How has the quarantine affected your artistic life?
In the beginning, the quarantine gave me an opportunity to take a break from the studio and relax. Later it became a sort of source of inspiration for me because I made a new series of “the quarantine episodes” you can see one of them behind my back here. So yeah, it was a source of inspiration and I thought of it unto a new series of paintings, excerpted some points that I lived through, as well as many other people during the quarantine.
What living artists do you follow?
I follow all of them. I mean, there are a lot of artists that I like, during some periods of my art you tend to start looking at someone in more detail. For example, when I studied at the faculty of fine art I looked at Danny MacCaw, later when my professor pointed out that my art is somewhat similar to Andrew White’s, I started following his practice too, In general, I can say that you always follow and see something. Most of the time it happens on Instagram, you follow some foreign artists even get inspired by them, maybe borrow some tricks, or the composition. There are so many of them, Instagram is so big! So there is that.
Where do you find inspiration for your artworks?
Well, I could say banally from life. What I mean is, every time it happens in a new way. Quarantine happened—the episodes from the quarantine were created, the previous series of works with swimming women was a large complex of moments from life, you may not realise straight away that something might become art, but then you start pondering upon some topic that could come to you on a bus ride; and you rethink everything, start remembering different episodes from the life and a number of series is being born from different parts of life. I’ve finished “episodes” and I wanted to turn my attention to something new, I was scrolling through my Instagram feed and saw a beautiful photograph. So in a sense its art for art’s sake, with no complicated concept underneath it all right now I just want to paint for the sake of painting.
What do you aim to say through your works?
I think firstly I talk with myself through my artworks. It doesn’t always happen in a sense of saying something to somebody, so I start off with saying it myself and then other people can join your inner dialogue, and feel what you were aiming to say. Although you might not have aimed at saying something, its more of pondering with yourself as a way of expression.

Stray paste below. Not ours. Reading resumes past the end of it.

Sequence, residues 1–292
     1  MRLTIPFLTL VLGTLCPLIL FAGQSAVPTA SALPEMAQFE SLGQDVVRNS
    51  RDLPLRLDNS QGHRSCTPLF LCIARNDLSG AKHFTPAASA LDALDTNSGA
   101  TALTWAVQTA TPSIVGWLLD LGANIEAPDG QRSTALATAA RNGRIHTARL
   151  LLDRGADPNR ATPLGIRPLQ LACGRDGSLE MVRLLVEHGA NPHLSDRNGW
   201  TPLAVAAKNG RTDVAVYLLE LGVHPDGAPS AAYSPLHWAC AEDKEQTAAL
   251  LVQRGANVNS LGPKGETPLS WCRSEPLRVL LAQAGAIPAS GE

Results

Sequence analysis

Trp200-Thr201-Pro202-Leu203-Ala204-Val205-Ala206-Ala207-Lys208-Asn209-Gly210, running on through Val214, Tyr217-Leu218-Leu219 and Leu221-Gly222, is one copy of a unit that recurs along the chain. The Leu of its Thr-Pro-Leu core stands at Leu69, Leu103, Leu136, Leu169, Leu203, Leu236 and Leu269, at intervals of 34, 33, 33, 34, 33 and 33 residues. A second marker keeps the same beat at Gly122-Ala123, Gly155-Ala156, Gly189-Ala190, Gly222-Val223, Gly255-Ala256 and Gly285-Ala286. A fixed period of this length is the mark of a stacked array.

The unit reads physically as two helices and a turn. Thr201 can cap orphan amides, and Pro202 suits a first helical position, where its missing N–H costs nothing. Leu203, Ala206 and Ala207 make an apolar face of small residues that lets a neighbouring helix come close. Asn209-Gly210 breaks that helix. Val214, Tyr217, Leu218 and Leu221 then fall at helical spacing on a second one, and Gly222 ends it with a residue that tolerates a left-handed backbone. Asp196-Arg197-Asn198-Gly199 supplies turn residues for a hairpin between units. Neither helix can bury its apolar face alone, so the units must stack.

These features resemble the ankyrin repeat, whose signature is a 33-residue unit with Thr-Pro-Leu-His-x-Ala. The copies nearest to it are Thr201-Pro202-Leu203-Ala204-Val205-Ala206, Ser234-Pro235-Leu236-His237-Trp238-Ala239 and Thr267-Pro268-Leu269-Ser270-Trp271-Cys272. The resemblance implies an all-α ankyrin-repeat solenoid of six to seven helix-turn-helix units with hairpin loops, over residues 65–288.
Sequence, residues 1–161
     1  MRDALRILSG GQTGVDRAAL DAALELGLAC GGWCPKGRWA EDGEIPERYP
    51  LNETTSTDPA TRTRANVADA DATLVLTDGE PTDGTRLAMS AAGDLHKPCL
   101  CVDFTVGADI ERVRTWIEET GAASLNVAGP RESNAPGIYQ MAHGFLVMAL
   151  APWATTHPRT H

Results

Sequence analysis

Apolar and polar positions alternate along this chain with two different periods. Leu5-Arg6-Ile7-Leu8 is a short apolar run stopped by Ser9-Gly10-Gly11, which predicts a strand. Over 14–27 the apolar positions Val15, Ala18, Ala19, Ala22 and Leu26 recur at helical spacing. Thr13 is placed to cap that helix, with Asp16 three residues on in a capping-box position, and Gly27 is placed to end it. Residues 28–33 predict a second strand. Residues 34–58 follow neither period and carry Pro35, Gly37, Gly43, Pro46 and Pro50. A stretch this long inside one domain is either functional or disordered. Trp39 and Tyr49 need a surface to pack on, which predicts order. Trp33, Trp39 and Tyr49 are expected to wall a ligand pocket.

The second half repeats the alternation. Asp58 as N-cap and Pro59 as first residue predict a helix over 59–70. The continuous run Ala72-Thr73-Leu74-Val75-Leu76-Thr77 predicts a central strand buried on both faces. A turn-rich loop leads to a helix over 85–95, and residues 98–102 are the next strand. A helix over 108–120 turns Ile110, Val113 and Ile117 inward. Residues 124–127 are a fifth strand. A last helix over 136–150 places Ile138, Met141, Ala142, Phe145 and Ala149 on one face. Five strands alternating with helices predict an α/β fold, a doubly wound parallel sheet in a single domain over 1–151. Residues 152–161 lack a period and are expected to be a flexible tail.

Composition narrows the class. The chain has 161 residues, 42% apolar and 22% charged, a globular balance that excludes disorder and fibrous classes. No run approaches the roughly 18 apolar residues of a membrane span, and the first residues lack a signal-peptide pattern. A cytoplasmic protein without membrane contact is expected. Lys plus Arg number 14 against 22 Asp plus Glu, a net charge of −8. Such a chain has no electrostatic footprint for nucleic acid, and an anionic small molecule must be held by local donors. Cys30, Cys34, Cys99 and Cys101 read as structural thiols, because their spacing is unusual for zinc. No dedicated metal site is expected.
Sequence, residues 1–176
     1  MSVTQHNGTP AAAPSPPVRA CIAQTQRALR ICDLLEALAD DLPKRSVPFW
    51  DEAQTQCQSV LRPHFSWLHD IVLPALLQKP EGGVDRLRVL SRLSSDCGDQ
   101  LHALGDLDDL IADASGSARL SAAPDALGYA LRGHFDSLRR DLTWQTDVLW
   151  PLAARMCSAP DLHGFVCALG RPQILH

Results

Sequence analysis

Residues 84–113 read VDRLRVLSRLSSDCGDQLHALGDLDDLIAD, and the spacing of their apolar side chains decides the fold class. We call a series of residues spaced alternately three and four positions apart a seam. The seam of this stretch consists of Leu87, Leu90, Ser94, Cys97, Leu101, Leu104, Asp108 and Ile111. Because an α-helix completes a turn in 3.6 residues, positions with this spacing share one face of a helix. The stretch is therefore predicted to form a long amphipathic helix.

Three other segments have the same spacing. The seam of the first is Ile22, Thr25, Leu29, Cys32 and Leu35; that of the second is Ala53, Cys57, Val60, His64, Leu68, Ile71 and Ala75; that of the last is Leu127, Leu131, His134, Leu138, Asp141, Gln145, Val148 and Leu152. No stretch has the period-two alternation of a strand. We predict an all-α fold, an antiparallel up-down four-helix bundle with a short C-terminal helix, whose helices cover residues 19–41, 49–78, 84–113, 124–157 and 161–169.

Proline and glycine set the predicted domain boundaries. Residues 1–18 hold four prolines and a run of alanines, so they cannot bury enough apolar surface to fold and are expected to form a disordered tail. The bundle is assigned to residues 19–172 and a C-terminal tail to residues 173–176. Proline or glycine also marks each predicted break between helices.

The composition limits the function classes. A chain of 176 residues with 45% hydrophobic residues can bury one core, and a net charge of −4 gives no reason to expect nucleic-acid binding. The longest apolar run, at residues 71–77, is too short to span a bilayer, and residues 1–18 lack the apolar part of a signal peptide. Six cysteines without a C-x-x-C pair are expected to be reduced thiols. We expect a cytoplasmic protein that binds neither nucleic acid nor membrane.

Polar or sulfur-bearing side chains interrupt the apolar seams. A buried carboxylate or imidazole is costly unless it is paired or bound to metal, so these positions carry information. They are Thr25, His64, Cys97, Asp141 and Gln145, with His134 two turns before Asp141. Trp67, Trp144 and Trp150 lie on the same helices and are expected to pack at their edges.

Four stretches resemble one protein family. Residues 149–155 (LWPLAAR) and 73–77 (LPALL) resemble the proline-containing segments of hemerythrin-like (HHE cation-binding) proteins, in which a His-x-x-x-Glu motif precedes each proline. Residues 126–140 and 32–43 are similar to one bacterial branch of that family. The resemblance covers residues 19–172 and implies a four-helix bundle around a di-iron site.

How do you see your career progressing?
Of course, I’d like to fast forward in terms of the development of social status as an artist, but for now, it doesn’t happen so fast. I’d like more exhibitions – it sounds weird but more international recognition. What I mean is to go beyond the borders of Kyiv to develop further, so significant personas would notice me, like curators, gallerists. I’d like to develop as an artist and to move towards more significant points, I think it is not enough for an artist to just exist or maybe there is something fin it or everyone, for some artists it’s enough to stay in the studio and paint, I want to change things, there is never enough drive. For example, you have an exhibition and think you did great and everything’s good but now after half a year has passed I am starting to bug myself again in a sense that I want to do something, participate in more things and develop myself further.
The Art Unit is a UK based online platform that sells and promotes works from emerging artists, creating a healthy ecosystem for both artists and the buyers. Mariia Kashchenko is one of the co-founders of The Art Unit. She thought of the idea for The Art Unit whilst studying Arts and Cultural Management at King’s College London.